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Making those vinegary marinated big white beans you see in deli or olive bar

At an olive bar and at an Italian deli I've seen these big white beans (not sure if they're cannellini's or other variety) that are in an oily and acidic (vinegary) marinade with what looks like roasted sweet peppers and other herbs and aromatics. I think they are always served cold.

I don't know what this is called, and I'm not quite sure how to reproduce this at home. My son LOVES these and I'd like to figure out how to reproduce these at home instead of buying them.

Thanks in advance!

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  1. You think you are referring to gigantes?

    1 Reply
    1. re: rasputina

      I have seen "gigantes" that look like the big white beans, but I've only seen them jarred at Trader Joe's in some sort of red-sauce. So perhaps the same bean, but much different preparation.

    2. Are you thinking of lupini?

      If so, a good prep/primer is here.


      4 Replies
      1. re: pinehurst

        Nah, those aren't it... they look more like giant cannellini beans that have been dressed/marinated with some herbs and bits of sweet pepper.

          1. re: pinehurst

            Hmmm... the lima beans I'm familiar with (Christmas lima's) are dark colored, purple-ish, but this actually seems to resemble it pretty closely, thank you!

            1. re: nasv

              No,. Christmas lima beans are actually not a common variety in markets. "Lima" translates as "bean", which is why we use lima bean as the name for several varieties.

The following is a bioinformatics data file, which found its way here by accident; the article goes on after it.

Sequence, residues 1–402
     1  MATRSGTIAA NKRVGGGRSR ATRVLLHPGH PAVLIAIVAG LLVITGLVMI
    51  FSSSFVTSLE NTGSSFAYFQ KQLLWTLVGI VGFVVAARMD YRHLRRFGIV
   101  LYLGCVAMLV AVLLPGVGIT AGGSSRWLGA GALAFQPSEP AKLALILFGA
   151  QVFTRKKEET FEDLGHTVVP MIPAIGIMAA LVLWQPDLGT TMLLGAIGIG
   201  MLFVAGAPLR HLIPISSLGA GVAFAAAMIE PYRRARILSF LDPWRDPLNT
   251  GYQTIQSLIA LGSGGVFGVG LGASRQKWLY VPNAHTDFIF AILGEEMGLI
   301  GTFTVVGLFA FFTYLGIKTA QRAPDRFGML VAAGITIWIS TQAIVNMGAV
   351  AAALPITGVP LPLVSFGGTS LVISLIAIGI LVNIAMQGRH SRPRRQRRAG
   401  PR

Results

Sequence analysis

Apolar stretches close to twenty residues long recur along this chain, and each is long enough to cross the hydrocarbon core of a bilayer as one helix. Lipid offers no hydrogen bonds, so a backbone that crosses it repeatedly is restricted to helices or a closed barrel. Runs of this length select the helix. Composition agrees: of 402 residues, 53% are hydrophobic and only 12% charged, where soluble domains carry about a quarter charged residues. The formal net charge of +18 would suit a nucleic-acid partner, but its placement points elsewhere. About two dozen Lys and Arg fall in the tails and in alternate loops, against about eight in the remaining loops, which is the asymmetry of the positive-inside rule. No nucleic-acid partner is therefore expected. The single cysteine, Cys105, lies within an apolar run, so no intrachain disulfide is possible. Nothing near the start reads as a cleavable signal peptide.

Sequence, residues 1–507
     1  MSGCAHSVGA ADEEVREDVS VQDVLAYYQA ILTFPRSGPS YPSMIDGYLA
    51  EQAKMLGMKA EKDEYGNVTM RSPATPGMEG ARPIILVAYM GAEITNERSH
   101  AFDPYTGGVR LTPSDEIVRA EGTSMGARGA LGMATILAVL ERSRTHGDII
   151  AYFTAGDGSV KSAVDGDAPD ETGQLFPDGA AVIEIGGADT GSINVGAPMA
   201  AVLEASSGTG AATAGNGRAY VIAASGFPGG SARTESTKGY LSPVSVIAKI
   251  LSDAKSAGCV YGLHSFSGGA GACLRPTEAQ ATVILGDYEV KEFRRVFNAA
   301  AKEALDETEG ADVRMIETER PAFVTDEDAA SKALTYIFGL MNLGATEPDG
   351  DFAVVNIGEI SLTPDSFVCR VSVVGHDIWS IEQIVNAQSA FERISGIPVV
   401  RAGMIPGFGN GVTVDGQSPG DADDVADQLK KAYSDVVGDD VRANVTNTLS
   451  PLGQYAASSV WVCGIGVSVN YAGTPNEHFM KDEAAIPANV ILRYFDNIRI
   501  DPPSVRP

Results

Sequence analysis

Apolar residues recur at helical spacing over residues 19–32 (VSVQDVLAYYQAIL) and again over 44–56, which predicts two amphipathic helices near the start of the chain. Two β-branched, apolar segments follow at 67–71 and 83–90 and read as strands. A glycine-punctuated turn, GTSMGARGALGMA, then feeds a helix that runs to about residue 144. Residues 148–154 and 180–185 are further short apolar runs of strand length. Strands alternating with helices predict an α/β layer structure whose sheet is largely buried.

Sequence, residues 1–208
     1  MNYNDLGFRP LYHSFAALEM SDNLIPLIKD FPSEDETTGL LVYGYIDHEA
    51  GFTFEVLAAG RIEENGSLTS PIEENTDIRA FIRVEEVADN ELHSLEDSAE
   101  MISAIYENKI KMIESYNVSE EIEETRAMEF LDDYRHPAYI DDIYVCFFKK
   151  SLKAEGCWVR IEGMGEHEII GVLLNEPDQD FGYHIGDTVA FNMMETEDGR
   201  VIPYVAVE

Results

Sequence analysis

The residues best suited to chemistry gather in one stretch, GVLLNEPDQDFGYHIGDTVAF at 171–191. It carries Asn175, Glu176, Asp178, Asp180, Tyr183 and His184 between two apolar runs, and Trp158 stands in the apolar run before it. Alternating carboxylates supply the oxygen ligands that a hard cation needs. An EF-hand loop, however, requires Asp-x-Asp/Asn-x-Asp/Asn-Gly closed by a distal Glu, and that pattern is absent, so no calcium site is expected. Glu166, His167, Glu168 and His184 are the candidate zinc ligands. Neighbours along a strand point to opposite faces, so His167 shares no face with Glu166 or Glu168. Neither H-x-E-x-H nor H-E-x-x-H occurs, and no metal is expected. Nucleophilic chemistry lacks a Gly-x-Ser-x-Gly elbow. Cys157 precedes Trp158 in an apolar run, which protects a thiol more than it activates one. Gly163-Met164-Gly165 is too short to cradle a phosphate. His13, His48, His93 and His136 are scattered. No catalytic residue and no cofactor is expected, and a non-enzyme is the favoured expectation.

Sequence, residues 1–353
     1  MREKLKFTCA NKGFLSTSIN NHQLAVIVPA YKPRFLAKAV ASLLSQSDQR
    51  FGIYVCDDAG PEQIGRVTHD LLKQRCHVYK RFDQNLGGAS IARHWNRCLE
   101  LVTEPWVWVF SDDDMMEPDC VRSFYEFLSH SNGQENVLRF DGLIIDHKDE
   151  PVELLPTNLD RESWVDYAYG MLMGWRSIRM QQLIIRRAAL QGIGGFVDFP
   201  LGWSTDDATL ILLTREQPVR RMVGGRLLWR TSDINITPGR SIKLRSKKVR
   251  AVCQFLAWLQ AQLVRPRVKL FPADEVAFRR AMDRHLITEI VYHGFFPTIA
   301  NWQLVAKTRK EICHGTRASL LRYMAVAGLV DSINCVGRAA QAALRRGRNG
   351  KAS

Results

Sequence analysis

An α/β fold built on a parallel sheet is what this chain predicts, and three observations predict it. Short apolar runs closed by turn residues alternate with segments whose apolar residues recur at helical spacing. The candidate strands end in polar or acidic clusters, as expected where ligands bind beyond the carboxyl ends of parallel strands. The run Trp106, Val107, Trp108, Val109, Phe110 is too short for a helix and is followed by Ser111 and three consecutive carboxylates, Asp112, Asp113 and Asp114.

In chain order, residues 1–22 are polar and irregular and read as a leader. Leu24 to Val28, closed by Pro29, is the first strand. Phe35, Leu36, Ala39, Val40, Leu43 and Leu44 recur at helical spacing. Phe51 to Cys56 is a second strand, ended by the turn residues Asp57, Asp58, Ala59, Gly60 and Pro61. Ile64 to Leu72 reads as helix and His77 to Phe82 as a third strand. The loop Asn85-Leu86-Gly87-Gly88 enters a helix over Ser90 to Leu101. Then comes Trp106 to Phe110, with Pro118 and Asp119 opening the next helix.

What you want is NOT the pale green, fairly flat bean sold frozen, canned, and as part of succotash. Look instead at what is sold in cans as "butter beans". They are larger, buttery in color, and milder in flavor than the smaller, green lima. If buying the dry version of butter beans, you want "large dry lima beans". Most supermarkets sell them alongside the bagged lentils and split peas. There's also a small dry lima bean, which is the same off-white color, and similar in flavor to the large so I don't think it's the dried version of the green lima. The butter/dried large lima bean tastes the same as the gigantes, to me, but is a lot cheaper and easier to find. You need to soak the dried beans and cook gently if you want to avoid the skins coming off entirely. Some people like to remove them, however. When trying to duplicate the deli item, I'd use the canned version so I didn't have to fuss over the texture. Once I had the other ingredients worked out, I'd go back and figure out how to combine them with limas I cooked at home.

      2. I think what you are referring to are actually Fava Beans. You are starting to see them more and more in the U.S. in the produce dept.

        1 Reply
        1. re: robt5265

          No, not favas, I'm familiar with fresh and dried favas. The ones I'm thinking more closely resemble cannellini beans or bigger. I think they could be the "gigantes" mentioned earlier.

        2. I know the salad you mean, and it's good. I've never made it from a recipe, but this looks close:

          4 Replies
            1. re: Whippet

              I made this recently and while it was OK, it was nowhere near as good as the stuff from the Whole Foods antipasto bar. I even added some roasted red peppers for extra flavor, but still meh.

              Also, when I soaked the beans overnight, they practically exploded, splitting at the seams to the point where they looked ghastly. Oddly, after cooking they came back together somewhat, but still didn't have that firm creaminess of the store-bought. Maybe they were too old? How can you tell if beans are too old when you buy them?